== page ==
Water features bring a little magic into the garden. Attracting birds, frogs and dragonflies, they can be a small oasis of serenity for busy parents and are not hard to care for once you get the hang of it. They also offer a host of engaging projects to do with the kids. For example, children might be intrigued with the fact that many pond plants don't need soil to grow. Because the nutrients come from the water, simply by anchoring the roots, you can grow any number of enchanting aquatic species.
Select a container for your pond plants. Almost anything that can hold at least a gallon of water will work. However, you may want to use something decorative that will add to the beauty of your pond. Ceramic planters are a great choice because of their durability. Plastic planters are also very durable and inexpensive. Metal is ok, but will eventually rust, and wood may also be used, but keep in mind that it will eventually rot. Broad, shallow planters are better than tall, deep pots for pond plants.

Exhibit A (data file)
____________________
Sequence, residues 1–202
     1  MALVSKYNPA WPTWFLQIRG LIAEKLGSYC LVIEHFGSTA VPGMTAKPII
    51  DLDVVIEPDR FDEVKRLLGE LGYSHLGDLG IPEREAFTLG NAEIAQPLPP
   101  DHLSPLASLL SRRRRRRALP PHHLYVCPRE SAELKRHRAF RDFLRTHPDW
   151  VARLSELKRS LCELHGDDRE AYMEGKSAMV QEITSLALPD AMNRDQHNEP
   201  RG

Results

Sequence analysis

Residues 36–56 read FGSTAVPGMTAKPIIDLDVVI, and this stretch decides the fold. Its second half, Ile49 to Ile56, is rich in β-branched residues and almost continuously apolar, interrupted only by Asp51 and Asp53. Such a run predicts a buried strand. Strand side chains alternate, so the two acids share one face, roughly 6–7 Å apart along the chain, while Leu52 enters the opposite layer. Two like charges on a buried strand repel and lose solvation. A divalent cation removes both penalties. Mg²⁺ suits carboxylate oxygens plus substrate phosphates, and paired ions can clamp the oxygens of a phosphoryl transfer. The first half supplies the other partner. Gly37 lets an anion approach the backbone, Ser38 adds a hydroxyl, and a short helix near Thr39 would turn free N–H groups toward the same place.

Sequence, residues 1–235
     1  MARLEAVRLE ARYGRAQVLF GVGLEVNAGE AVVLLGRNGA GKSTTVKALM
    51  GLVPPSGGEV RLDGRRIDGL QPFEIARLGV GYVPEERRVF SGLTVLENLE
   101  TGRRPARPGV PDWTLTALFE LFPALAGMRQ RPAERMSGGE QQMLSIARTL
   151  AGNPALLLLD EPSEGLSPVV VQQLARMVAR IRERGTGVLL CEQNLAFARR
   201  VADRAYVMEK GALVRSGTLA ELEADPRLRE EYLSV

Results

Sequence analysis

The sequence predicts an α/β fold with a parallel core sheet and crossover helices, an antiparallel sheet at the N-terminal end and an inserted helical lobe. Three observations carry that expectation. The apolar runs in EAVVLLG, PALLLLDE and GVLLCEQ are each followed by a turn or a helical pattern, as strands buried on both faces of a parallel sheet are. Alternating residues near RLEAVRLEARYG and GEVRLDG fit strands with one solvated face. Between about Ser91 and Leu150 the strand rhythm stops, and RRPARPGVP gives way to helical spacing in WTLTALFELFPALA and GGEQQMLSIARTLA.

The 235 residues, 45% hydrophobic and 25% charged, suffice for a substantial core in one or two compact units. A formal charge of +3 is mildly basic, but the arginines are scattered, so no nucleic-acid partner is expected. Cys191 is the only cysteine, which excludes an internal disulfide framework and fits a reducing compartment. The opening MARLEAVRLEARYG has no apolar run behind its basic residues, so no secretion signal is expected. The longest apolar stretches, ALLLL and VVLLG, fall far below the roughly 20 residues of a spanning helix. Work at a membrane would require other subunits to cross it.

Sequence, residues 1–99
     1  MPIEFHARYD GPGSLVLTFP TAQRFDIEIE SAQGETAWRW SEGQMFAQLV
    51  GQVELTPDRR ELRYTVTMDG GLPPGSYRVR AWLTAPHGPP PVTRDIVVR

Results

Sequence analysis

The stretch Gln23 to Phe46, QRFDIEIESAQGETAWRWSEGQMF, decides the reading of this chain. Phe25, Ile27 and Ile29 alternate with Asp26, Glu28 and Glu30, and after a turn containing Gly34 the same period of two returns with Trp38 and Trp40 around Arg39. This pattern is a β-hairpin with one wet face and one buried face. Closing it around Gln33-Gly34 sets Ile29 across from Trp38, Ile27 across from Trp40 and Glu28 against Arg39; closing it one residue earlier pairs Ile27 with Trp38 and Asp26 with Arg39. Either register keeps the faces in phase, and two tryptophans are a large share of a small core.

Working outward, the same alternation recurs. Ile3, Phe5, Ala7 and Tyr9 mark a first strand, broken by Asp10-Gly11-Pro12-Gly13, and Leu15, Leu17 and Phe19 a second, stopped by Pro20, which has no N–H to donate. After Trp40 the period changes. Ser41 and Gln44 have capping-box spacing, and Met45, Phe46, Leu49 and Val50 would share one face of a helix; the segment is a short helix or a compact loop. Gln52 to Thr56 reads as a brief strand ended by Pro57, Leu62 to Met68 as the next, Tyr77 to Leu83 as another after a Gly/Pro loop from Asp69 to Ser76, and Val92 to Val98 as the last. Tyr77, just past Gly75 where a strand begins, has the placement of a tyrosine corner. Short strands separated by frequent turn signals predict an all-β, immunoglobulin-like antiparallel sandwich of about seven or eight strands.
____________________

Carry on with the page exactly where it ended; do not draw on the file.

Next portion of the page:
Remove the pond plant from the container it came in. Gently loosen the roots so they are no longer restricted to the shape of the original pot.
Fill the new container part way with sand, gravel, pebbles or other decorative stones. Hold the new pond plant in the container, so the top of the existing roots is 2 or 3 inches below the top of the container. Continue adding stones or sand to the fill the container around the roots and lower stems of the plant to within one inch of the rim. If sand is used, leave an extra inch of space at the top to cover with stones, so that sand does not wash away.
Submerge the potted plant to the necessary depth for the species. Follow the instructions on the label or inquire at the nursery where you purchased the plant about the appropriate water depth. If needed, stack bricks at the base of the pond to form a ledge at the right height for your plant.